The classic account of Charles II’s escape in 1651 is the account he gave to Samuel Pepys in 1680. Yet as Pepys himself realized, the story as the King gave it was full of mistakes some of which Pepys corrected in footnotes. However, researchers have other accounts to draw upon, some of which are based on first hand research though many are little more than rumour and hearsay. Of the more reliable commentaries the book published by Thomas Blount in 1660, BOSCOBEL, seemed to be accurate and was initially backed by the King. This was much nearer to the events so the King’s poor memory of what happened when he spoke to Pepys did not appear crucial.

But reading Allan Fea’s book AFTER WORCESTER FIGHT (1904) ended my belief this was an option and created an even more puzzling series of mysteries. There is more than one version of the book, and the one Fea published was the third edition which had been used by Thomas Hughes in 1830 in his book THE BOSCOBEL TRACTS. Blount’s version looked valid when Hughes published. However, Fea pointed out a number of problems

The first edition had been published by the King’s stationer, Henry Seile, in 1660 shortly after the Restoration and ended with the King arriving at Bentley Hall. The first edition was given approval by Royal Authority, Fea quoting from state papers of August 1660-1 the statement “It is the King’s pleasure that Thomas Blount, author of ‘Boscobel’, continue to perfect that history of his wonderful preservation after the Battle of Worcester….”. (xiv) . The second edition, also by Seile, was published in 1662.

But when the second edition appeared in 1662 taking the story beyond Jane Lane and the King leaving Bentlry, the King made known (The King’s Intelligencer 1661-2) his discontent, The comment the book “hath divers errors and mistakes in it, and (is) therefore not to be admitted as a true and perfect narrative of his sacred Majesties deliverance” (xiv) damaged its credibility. Fea thinks the King objected to additional matter which “Had some less reliable matter supplemented to it” (xv). The extended version is thus suspect. However far worse than this, is the denial of authorship which Fea goes on to discuss.

Blount Denies Authorship

Fea comments “far more perplexing is the fact that Thomas Blount, the Royalist Roman Catholic lawyer of the Inner temple…. Declared that he did not write “Boscobel”. He saw it, by his own account, in the library at Brampton Bryan, and when asked by Lord Oxford if he was not the author of it, observed that… he had no claim to it… Further, in a letter to his son, he desired that “if the same opinion prevails amongst any friends in your part of the world, I desire you will contradict it, for I do not so much as know the author of the piece”. (xv)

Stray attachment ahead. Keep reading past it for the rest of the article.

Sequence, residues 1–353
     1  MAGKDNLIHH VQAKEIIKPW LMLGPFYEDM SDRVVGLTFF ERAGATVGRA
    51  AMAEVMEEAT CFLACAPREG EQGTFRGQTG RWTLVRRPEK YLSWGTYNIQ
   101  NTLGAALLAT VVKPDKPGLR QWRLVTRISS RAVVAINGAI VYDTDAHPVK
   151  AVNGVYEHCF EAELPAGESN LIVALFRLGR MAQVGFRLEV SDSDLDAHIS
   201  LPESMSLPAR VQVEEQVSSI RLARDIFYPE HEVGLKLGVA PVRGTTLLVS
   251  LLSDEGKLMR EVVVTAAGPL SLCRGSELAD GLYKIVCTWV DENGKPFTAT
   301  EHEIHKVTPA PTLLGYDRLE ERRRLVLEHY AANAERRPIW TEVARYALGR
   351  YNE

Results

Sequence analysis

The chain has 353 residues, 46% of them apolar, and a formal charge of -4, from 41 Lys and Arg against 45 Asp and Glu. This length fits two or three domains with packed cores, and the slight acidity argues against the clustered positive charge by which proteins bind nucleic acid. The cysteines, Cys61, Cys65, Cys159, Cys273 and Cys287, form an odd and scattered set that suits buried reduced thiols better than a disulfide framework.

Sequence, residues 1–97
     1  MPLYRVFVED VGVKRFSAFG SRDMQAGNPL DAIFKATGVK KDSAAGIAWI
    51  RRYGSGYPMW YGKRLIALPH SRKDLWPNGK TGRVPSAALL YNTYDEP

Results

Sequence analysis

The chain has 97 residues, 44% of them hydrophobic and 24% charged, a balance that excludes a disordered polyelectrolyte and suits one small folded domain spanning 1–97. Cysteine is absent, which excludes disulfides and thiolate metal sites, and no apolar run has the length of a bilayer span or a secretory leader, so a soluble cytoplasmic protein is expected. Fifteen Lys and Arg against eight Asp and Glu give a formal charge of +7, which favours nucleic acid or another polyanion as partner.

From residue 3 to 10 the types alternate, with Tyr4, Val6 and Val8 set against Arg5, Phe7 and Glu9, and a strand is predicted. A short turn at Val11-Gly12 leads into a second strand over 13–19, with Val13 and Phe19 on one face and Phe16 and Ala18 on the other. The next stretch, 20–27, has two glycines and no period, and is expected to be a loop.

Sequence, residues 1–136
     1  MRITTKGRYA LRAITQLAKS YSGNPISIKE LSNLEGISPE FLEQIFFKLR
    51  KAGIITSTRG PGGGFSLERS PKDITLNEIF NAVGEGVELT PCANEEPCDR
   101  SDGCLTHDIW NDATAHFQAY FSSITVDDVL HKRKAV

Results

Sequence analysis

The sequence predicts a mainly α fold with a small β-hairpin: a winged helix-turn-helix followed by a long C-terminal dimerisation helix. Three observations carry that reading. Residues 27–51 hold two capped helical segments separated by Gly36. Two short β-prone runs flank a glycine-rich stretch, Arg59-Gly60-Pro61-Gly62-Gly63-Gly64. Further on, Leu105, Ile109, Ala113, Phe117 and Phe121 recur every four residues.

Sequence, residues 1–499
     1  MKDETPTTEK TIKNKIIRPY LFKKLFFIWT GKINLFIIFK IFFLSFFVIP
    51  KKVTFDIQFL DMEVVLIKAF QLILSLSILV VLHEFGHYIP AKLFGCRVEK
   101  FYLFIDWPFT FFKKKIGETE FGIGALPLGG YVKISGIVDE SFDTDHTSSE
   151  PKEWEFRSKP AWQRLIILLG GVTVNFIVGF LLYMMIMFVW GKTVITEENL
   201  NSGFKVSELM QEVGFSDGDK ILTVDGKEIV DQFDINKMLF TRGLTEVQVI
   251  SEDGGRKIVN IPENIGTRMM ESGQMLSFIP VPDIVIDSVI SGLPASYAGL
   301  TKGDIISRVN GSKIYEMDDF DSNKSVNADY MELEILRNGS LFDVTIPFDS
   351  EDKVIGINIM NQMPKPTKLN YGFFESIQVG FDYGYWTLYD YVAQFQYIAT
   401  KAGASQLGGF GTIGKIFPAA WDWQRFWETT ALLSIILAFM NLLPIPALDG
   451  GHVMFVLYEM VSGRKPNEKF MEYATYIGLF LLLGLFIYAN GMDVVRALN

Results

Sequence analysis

Fea argues “As the original ‘Boscobel’ is full of minute details of all that occurred in the vicinity of the old house that bears its name, Madeley and Moseley, it would almost appear that the author was a native of Staffordshire or Shropshire, and perhaps was a member of the old Staffordshire family of Blount of Blount Hall, which became extinct in the middle of the eighteenth century. Though Thomas Blount of the Inner Temple was born in Worcestershire, his father and grandfather came from Herefordshire… On the other hand, as Mr Charles G Thomas points out in his 1894 edition, in the lawyer Blount’s criticism of the account of Charles’s escape in “Baker’s Chronicle” he calls attention to an error which shows that he was conversant with the details of the story” (xv- xvi).

A resolution to the problem has not emerged to my knowledge. The Blounts of Blount Hall came from near Uttoxeter, and while in Staffordshire were on the Eastern side of the county.. Thomas Blount was not from Staffordshire or Shropshire, but is certainly capable of researching the first part of the story – up to Bentley Hall – and had knowledge of what had taken place and could easily have spoken to some of the main actors in the escape of the King. However, there is no obvious solution for this problem as far as I know. The King’s statement endorsing the earlier version of the book allows credibility to the account up to his arrival at Bentley. After that, Blount has less credibility and who wrote the book is an issue which needs to be cleared up. Advice welcome.

Trevor Fisher 16 8 21